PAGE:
'Bakhtinian Contextuality' in Adaptation Studies: Screen Robinson Subverting the Source

Oez S.

ADAPTATION-THE JOURNAL OF LITERATURE ON SCREEN STUDIES, vol.9, no.3, pp.345-361, 2016 (AHCI) identifier identifier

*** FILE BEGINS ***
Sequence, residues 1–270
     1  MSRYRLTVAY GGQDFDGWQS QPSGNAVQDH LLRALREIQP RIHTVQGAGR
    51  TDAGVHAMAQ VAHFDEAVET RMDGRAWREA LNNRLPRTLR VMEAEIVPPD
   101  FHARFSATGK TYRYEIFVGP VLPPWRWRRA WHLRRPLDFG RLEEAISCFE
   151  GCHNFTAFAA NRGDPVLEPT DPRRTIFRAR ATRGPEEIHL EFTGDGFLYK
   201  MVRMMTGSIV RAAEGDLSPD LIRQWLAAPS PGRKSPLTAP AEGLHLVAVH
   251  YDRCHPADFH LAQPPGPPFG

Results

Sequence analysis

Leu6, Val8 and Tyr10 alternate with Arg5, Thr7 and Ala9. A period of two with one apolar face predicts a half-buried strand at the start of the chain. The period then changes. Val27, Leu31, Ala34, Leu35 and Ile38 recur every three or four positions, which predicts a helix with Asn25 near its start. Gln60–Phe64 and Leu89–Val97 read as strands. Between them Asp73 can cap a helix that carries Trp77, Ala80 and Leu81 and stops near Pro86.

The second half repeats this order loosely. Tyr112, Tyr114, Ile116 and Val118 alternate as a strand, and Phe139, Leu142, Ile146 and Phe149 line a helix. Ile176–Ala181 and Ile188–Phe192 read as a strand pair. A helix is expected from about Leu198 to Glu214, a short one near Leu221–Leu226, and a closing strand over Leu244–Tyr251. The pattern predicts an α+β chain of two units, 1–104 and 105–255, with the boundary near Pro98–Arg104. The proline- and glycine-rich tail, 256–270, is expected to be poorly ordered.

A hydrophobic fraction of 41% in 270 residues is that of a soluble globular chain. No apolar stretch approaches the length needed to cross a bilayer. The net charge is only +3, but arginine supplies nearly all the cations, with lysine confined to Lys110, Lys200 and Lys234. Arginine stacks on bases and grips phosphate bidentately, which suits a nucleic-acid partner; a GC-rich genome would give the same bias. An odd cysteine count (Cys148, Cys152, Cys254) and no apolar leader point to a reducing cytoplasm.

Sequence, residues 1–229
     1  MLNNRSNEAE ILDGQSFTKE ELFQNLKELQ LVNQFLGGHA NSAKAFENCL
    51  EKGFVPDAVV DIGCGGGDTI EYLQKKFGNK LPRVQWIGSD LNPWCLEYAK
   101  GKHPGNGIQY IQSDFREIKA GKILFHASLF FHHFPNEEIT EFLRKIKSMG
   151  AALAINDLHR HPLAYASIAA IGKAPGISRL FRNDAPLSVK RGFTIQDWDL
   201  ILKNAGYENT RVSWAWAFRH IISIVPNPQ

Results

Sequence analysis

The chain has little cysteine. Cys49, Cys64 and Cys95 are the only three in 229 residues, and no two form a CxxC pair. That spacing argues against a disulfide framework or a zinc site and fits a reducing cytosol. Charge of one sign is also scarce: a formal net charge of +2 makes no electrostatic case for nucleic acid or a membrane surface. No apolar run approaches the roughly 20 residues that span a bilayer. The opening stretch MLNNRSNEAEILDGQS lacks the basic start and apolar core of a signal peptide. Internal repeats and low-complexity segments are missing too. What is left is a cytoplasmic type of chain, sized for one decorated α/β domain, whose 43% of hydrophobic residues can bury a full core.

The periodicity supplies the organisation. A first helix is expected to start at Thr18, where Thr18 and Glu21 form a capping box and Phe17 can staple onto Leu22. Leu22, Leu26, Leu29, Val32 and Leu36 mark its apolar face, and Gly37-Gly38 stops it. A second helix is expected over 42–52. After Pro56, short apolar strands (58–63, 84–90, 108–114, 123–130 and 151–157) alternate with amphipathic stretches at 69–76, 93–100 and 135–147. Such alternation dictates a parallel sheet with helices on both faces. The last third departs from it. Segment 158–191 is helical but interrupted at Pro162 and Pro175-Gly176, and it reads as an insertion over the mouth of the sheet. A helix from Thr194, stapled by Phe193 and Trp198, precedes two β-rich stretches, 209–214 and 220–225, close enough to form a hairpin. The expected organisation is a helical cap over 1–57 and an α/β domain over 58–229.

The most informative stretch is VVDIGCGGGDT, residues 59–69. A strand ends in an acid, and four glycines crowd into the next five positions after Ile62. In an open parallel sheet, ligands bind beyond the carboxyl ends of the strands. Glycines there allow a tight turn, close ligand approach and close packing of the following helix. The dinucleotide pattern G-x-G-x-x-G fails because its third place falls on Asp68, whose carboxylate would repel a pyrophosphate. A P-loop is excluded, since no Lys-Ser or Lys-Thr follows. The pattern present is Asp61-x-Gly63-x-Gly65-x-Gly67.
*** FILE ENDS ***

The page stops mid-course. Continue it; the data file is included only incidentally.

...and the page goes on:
Since soon after the publication of Daniel Defoe's 1719 novel Robinson Crusoe, there have been many different cinematic and literary adaptations of this famous adventure story, which are collectively known as 'Robinsonades'. Due to the plastic nature of the Robinson Crusoe story, which is a function of what Mikhail Bakhtin defines as the 'adventure chronotope', there are many intra-medial and inter-medial adaptations of Defoe's novel in different historical, cultural, social, and ideological contexts in which the 'dominant' and/or 'emergent' 'structures of feeling' are represented. This article furthers the exploration of the adaptability of Defoe's Robinson Crusoe by illustrating the central argument with reference to an inter-medial adaptation of the Robinson Crusoe story. Following a brief account of what may be termed as the 'Bakhtinian contextuality' with reference to the contemporary adaptation studies scholars, Bakhtin's ideas on 'chronotope' and 'adventure time', and their relationship with the Robinson Crusoe story and the Robinsonade tradition and the main methodological approach that is used in analysing these adaptations will be explained.